- Low blood pressure, low blood sugar (hypoglycemia), anemia, anxiety, multiple sclerosis, diabetes mellitus, hypothyroidism, high blood triglycerides, food allergies or gluten sensitivity, and various inner ear problems can also cause or worsen vertigo.
- Motor vehicle accidents, falls or other types of traumas or illnesses can also be associated with vertigo especially if they cause head trauma.
Working with your doctor of chiropractic to improve postural issues can also bring relief to the patients whose vertigo is exacerbated by sedentary lifestyle or working in certain positions for extended periods. To diagnose the cause of vertigo, your healthcare provider will conduct an examination, including various positioning tests to check if they reproduce the sensation of motion. Additional tests may be required and may necessitate referrals to medical specialists.
Chiropractic Care of Vertigo:
Uncomplicated cervicogenic vertigo can be treated and well managed by a chiropractor incorporating: mostly painless and effective soft-tissue and muscle work such as trigger point release or stretching, and/or the Epley. Additionally, spinal and associated joint manipulation and adjustment, physiotherapy modalities and/or low-level laser acupuncture may also be utilized depending on the physical examination and any radiological findings. The goal is to balance the biomechanics of the neck and associated soft-tissues in order to promote a more rapid and complete recovery of the damaged tissues and any abnormal postural mis-alignments. Working with your doctor of chiropractic to improve postural issues can also bring relief to the patients whose vertigo is exacerbated by sedentary lifestyle or working in certain positions for extended periods.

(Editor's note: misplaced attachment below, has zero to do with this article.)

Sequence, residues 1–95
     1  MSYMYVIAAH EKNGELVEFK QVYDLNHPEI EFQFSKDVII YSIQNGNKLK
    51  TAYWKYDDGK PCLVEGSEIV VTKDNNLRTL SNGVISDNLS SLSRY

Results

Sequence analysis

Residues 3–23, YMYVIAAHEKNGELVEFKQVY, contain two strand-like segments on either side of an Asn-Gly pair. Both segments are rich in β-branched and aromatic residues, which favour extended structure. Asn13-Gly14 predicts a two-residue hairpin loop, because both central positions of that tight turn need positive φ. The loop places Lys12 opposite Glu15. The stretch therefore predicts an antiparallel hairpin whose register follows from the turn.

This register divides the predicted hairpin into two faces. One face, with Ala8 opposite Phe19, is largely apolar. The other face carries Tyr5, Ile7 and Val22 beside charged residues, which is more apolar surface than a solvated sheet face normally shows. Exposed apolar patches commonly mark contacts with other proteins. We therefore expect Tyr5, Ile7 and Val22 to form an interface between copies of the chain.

The treatment used obviously depends on the cause. Don't rely totally on symptomatic relief such as taking tablets for this condition is not always the answer. That is why the chiropractor has to do a thorough consultation and examination when prospective patients first come in for treatment. In some cases a referral to your physician, neurologist or an ear/nose/throat (ENT) specialist may be required for further assessments especially if any 'red flags' are presented (see below). But, the good news is that the most common causes respond well to conservative care.
Vertigo Red Flags That Requires Medical Care:
By itself, vertigo is usually benign. However, if a patient experiences symptoms such as double vision, slurred speech, difficulty swallowing, numbness, nausea and/or unsteadiness when walking, (even if temporary), they should seek immediate emergency medical care.
Vertigo patients who present with the following signs below should immediately go to the emergency room. Patients experiencing progressive worsening of symptoms or dizziness accompanied with fever and/or infection should also see a medical health care provider....
- double vision - difficulty swallowing - numbness - headache - fainting or collapse - weakness - nausea - difficulty speaking such as slurred speech - difficulty waking up or staying awake - difficulty walking, even if temporary - inappropriate actions - difficulty controlling arms or legs - abnormal eye movements.
Click here for more information about "Vertigo" (HealthLine)
Click here for more information about "Vertigo" (Cleveland clinic)